This makes you a 'made member' of the 41.

Congratulations.

Now lets do the ceremonial cleaning of the chain.
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Old 01-10-14, 07:49 PM
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Originally Posted by RollCNY
STA is less relevant, as seatposts have offset. I would look at it as c=√(a+b). C is a constant, your leg extension, which does not need to be solved, as it will be the same before and after the change. If a is vertical and b is horizontal from BB, you now have √(a+b)=√((a+∆v)+(b-∆h)). Square both sides, use foil, and solve for ∆v.
That looks completely correct. Is it not true that the trig approach I used inherently incorporates the formula you provided? You're right about the lack of need for using the STA, but I wonder if the use of it, just as an approximation doesn't simplify the whole process.
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Old 01-10-14, 07:54 PM
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If you are going to use angles, I recommend switching to radians. If I get a choice, I love talking about pi rotating around my crank.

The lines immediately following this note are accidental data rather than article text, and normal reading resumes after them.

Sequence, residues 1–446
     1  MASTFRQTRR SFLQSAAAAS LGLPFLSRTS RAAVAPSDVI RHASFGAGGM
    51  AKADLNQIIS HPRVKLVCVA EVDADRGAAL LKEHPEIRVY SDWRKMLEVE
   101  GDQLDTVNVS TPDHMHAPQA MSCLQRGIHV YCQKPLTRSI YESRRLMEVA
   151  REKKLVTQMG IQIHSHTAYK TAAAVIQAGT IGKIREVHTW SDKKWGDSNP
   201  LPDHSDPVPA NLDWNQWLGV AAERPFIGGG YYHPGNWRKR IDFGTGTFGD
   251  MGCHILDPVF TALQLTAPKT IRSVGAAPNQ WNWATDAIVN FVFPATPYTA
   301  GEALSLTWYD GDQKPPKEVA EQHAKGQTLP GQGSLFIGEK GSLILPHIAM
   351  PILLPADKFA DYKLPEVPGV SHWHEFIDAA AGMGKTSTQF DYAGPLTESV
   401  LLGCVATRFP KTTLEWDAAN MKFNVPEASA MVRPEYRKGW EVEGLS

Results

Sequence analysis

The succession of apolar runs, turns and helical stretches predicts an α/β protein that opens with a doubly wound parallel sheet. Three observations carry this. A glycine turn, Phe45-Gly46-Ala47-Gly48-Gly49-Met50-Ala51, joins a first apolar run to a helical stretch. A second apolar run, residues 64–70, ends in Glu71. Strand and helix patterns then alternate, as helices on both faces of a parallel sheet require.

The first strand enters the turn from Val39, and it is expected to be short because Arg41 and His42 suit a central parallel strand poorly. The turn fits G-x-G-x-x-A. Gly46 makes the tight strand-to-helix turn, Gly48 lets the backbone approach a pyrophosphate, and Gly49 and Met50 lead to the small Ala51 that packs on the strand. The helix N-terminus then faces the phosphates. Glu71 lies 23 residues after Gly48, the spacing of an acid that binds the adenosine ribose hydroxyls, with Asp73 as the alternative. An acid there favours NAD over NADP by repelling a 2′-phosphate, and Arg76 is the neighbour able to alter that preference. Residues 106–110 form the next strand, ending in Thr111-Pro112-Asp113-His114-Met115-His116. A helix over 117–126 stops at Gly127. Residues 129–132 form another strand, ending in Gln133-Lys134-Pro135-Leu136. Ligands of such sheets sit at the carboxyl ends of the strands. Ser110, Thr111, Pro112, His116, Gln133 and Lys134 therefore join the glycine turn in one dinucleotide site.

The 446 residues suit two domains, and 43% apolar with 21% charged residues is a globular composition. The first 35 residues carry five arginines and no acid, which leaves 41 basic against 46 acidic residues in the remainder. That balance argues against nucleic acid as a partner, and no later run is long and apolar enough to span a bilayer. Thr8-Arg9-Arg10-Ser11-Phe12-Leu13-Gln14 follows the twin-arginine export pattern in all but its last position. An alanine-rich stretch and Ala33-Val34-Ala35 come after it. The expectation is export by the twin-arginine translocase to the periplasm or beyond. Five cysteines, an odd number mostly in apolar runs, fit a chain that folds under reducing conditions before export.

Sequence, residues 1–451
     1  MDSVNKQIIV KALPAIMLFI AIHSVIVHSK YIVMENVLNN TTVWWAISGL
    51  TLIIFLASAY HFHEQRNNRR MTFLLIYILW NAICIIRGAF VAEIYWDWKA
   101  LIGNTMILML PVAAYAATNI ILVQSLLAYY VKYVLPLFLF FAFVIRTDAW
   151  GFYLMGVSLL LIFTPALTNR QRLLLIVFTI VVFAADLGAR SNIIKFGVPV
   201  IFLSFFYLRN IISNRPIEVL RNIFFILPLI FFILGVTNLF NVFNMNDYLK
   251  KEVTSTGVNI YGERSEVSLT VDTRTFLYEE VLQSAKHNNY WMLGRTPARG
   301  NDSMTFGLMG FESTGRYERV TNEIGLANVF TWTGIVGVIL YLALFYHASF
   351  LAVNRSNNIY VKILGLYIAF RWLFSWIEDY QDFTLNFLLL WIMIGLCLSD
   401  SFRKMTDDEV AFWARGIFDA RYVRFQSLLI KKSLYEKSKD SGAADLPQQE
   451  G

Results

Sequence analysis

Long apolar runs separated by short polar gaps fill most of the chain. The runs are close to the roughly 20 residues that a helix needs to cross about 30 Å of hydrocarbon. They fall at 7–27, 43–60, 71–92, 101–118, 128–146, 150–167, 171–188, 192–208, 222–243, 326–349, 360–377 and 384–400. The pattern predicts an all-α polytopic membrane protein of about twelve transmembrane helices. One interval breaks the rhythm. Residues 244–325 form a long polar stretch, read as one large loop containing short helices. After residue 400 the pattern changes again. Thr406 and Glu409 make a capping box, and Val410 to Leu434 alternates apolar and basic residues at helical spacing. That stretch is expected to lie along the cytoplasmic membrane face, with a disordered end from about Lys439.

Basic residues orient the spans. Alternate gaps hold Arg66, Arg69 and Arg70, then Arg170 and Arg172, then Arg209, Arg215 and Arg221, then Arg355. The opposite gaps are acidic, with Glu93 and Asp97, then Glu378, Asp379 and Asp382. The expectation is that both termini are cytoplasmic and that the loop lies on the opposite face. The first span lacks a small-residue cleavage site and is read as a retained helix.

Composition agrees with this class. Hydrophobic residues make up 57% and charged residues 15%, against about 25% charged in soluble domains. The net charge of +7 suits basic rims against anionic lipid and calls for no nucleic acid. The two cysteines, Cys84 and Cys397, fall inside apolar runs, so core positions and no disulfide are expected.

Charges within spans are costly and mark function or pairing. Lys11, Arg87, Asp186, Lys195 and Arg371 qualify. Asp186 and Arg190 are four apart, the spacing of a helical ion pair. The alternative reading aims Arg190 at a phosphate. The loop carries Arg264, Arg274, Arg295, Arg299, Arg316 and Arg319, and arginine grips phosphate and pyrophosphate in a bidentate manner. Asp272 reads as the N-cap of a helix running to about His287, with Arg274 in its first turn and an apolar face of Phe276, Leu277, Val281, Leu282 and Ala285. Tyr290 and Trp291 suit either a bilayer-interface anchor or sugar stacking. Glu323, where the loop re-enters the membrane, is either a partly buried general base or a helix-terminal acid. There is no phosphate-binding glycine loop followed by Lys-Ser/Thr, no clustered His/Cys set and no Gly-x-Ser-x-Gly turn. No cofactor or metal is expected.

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Old 01-10-14, 07:56 PM
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Originally Posted by RollCNY
If you are going to use angles, I recommend switching to radians. If I get a choice, I love talking about pi rotating around my crank.
Perhaps pi likes it too.
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Old 01-10-14, 08:02 PM
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Originally Posted by rpenmanparker
Sure, the empirical method should have been obvious to me. I was just wondering whether there was an established formula for this that soneone could supply
I nominate this statement to be the new motto of the Forty-One.
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Old 01-10-14, 08:09 PM
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Originally Posted by caloso
I nominate this statement to be the new motto of the Forty-One.